Do you want to become a registered nurse (RN) or licensed practical nurse (LPN), also called a licensed vocational nurse (LVN)? Perhaps you aspire to one day become a nurse practitioner (NP), nurse educator, nurse anesthetist, or nurse-midwife, or even a researcher or administrator. Whichever career you are considering, you will have to be a nursing major.
Your job opportunities after graduation should be outstanding, regardless of the nursing career you choose. The United States Bureau of Labor Statistics (BLS) predicts nurses will be in high demand well into the future. Students who are good in STEM fields like biology, chemistry, and physics, enjoy caring for people and have strong communication, organization, and critical thinking skills should consider this area of study.
To become a nurse, first, decide whether you want to be an RN or LPN. If your plans ultimately include becoming a nurse practitioner or other advanced practice nurse, a researcher, or administrator, this is not something you need to decide yet. You will first have to become licensed as an RN and get experience in that occupation.
- Licensed Practical Nurse (LPN) or Licensed Vocational Nurse (LVN): One-Year Training Program
- Registered Nurse (RN): Diploma in Nursing (3 years), Associate Degree (2 years), and Bachelor's Degree (4 years)
- Advanced Practice Nurse including Nurse Practitioner (NP), Nurse Educator, Nurse Anesthetist, and Nurse Midwife; or Administrator: Master's Degree (1-3 years after becoming an RN and getting experience) or Doctorate
- Researcher: Doctorate
Nursing majors learn how to deliver physical care and emotional support to people who are ill, injured or recovering from surgery. They learn about drug administration, how to care for different populations, nutrition, and the use of information technology. Advanced practice or leadership nursing positions require additional education, usually in the form of at least a master's degree.
How to Find a Nursing Program
Choose an LPN, RN, or advanced practice nursing program that is accredited by the Accreditation Commission for Education in Nursing (ACEN) or, if you want to earn a bachelor's (baccalaureate) or graduate degree, one the Commission on Collegiate Nursing Education (CCNE) has accredited. ACEN accredits all levels of nursing education, while CCNE accredits baccalaureate, master's degree, or doctoral programs. Search for all nursing programs on ACEN's website. Use CCNE's search tool to find bachelor's and graduate degree programs only.
Expected Major Courses
Coursework will vary by level of education and the occupation you are pursuing.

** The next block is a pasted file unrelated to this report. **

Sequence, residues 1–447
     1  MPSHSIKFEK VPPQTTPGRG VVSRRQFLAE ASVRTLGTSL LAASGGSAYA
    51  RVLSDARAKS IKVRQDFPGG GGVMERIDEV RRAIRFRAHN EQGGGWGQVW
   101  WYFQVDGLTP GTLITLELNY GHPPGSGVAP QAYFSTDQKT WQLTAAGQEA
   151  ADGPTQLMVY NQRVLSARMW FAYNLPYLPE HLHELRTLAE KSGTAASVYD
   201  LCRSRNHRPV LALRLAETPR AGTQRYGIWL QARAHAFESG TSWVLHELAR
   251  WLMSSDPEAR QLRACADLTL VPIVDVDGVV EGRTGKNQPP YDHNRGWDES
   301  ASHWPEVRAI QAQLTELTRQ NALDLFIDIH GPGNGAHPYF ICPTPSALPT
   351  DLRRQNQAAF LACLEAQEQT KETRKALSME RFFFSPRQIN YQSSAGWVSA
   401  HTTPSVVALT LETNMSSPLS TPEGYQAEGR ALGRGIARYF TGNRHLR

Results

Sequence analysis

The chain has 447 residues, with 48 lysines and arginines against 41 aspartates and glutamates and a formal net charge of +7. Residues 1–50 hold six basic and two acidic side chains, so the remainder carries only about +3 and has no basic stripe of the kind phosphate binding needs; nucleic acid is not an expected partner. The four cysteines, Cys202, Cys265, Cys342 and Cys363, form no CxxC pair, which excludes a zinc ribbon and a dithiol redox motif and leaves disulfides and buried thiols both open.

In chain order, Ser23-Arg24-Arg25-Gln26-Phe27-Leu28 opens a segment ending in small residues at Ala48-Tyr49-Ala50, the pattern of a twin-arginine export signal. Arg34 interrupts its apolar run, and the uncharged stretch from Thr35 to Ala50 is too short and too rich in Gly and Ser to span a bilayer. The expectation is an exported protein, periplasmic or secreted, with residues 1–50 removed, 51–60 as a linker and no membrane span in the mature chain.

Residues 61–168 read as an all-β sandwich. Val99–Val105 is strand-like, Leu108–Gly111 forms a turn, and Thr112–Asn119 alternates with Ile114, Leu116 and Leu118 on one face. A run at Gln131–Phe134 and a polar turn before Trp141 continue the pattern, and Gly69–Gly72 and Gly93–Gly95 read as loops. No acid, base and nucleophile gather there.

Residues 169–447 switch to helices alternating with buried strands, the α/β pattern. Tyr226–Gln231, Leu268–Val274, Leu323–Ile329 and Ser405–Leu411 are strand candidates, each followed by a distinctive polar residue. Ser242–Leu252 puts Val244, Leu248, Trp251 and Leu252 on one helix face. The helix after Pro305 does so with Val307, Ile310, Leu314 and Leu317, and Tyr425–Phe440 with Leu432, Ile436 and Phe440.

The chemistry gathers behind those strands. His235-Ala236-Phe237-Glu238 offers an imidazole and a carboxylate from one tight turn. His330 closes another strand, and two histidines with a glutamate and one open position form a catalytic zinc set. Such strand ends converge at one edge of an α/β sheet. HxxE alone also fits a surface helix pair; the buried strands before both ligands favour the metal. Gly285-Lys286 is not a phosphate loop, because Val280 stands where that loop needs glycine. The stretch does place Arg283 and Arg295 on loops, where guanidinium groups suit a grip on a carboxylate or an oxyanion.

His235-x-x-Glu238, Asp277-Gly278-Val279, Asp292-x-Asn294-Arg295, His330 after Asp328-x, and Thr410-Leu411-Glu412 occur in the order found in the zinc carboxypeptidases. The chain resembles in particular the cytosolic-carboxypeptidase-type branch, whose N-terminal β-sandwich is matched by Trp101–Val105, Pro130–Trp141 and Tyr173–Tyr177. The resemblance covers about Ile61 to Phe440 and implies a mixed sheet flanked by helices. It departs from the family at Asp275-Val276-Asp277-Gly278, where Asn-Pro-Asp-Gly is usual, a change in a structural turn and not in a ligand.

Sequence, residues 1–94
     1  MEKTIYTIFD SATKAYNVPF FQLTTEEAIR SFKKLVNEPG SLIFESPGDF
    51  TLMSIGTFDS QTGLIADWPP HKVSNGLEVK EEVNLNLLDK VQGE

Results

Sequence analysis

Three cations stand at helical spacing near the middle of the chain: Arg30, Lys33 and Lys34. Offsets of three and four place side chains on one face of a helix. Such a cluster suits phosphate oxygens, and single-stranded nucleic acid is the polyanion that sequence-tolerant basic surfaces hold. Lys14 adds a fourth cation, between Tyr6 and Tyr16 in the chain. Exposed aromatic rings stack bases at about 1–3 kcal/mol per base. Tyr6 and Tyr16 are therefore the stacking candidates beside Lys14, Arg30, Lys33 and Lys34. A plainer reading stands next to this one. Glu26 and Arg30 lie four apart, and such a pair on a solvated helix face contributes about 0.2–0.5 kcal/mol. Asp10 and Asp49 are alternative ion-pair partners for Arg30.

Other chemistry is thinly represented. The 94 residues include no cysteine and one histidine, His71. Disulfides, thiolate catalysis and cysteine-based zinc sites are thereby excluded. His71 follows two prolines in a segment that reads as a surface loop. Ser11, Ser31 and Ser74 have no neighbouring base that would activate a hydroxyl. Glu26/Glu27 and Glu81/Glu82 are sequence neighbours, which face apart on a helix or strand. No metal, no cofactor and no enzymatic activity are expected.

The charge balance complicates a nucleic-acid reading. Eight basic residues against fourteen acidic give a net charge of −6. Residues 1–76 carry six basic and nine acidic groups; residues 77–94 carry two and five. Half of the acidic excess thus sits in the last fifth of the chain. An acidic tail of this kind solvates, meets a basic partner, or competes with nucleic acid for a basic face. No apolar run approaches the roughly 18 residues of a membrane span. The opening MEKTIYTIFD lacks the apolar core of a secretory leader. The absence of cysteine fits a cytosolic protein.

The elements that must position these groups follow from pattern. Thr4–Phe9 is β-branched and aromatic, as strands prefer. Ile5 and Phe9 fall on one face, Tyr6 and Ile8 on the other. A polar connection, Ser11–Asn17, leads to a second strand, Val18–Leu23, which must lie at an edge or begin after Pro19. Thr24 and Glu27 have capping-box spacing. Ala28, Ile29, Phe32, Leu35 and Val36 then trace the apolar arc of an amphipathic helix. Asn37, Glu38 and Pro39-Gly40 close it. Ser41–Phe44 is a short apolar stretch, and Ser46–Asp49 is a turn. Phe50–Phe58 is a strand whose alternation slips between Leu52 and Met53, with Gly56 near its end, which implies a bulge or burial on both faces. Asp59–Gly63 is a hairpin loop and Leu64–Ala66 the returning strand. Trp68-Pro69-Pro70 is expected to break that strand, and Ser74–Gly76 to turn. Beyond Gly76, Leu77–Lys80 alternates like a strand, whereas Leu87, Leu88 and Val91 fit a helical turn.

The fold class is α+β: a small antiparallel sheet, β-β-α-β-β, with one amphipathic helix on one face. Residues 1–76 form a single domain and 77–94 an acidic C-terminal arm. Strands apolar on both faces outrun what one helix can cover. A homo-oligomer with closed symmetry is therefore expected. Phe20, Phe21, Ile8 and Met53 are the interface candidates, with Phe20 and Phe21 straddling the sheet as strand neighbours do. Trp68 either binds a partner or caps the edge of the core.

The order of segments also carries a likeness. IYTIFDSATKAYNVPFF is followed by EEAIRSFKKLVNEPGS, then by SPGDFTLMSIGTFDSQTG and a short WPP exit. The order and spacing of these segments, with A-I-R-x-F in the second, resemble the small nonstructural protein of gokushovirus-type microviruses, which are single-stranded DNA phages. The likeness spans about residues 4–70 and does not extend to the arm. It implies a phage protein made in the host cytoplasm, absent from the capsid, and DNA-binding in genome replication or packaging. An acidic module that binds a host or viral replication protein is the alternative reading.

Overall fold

- Survey of the Human Body
- Pharmacology Safety and Dosing Calculations
- Practical Nursing
- Nursing Care of Adult Clients
- Pediatric Nursing
- Care of the Older Adult
- Fundamentals of Nursing
- Dosage Calculation for Nurses
- Nursing Care of the Older Adult
- Nursing Care of Children
- Nursing Informatics
- Adult Mental Health Nursing
- Lifespan Human Development
- Medical Microbiology
- Health Assessment
- Nursing History
- Community Health Nursing
- Obstetrics and Neonatal Nursing
- Trends in Nursing
- Advanced Pathophysiology
- Advanced Pharmacology
- Advanced Practice Nurse
- Advanced Health Assessment
- Dynamics of Family Health Nursing
- Evaluation and Instrumentation in Nursing
- Leadership and Management
- Research in Nursing
- Nursing Informatics and Advanced Nursing Practice
- Developing World Class Human Resources
- Nursing Administration Theory and Practice
- Hospital and Healthcare Policy and Management
Typical Work Settings
Your work as a nurse will most often revolve around patients and the settings where patients receive care. Nurses care for patients in hospitals, urgent care centers, nursing care facilities, doctors' offices, schools and camps, and correctional facilities. Some work for home health care agencies, supervising home health aides and providing patient care. Other nurses serve in the military.
Nurse practitioners (NPs), nurse anesthetists, and nurse midwives work in all these settings and may also work on their own or in other NPs' private practices. Nurse educators teach in vocational schools, colleges and universities, and hospitals. Researchers work in academic, research, healthcare, and practice settings.
Some nurses also make housecalls to patients’ homes, or even travel long distances to provide healthcare services in underserved areas.
What Else You Need to Know
- Nurses must be licensed before they can begin working. To become licensed as a practical nurse one must pass an exam called the NCLEX-PN. To become a registered nurse, an individual must pass the NCLEX-RN.
- RNs who have an associate degree or diploma in nursing may apply to RN Bachelor's or Master's Degree programs.
- An LPN can often transfer the credits he or she earns in school to an RN program.
- An RN usually specializes in a particular area of clinical practice, for example, pediatrics, geriatrics or adult medicine, oncology, cardiology, or obstetrics.
- One must be certified to work as an advanced practice nurse, for example, a nurse practitioner, nurse-midwife, or nurse anesthetist. Certification usually involves fulfilling specific requirements and passing an exam.
- Credentialing agencies offer voluntary certifications to nurses in various specialties, for example, pediatrics and geriatrics.
Professional Organizations and Other Resources
- ANA - American Nurses Association
- NSRA - National Student Nurses' Association
- AANA - American Association of Nurse Anesthetists
- ACNM - American College of Nurse-Midwives
- AANP - American Association of Nurse Practitioners
- Discover Nursing from Johnson & Johnson
- NCSBN - The National Council of State Boards of Nursing
- CNA - Canadian Nurses Association
- EFNA - European Federation of Nurses Associations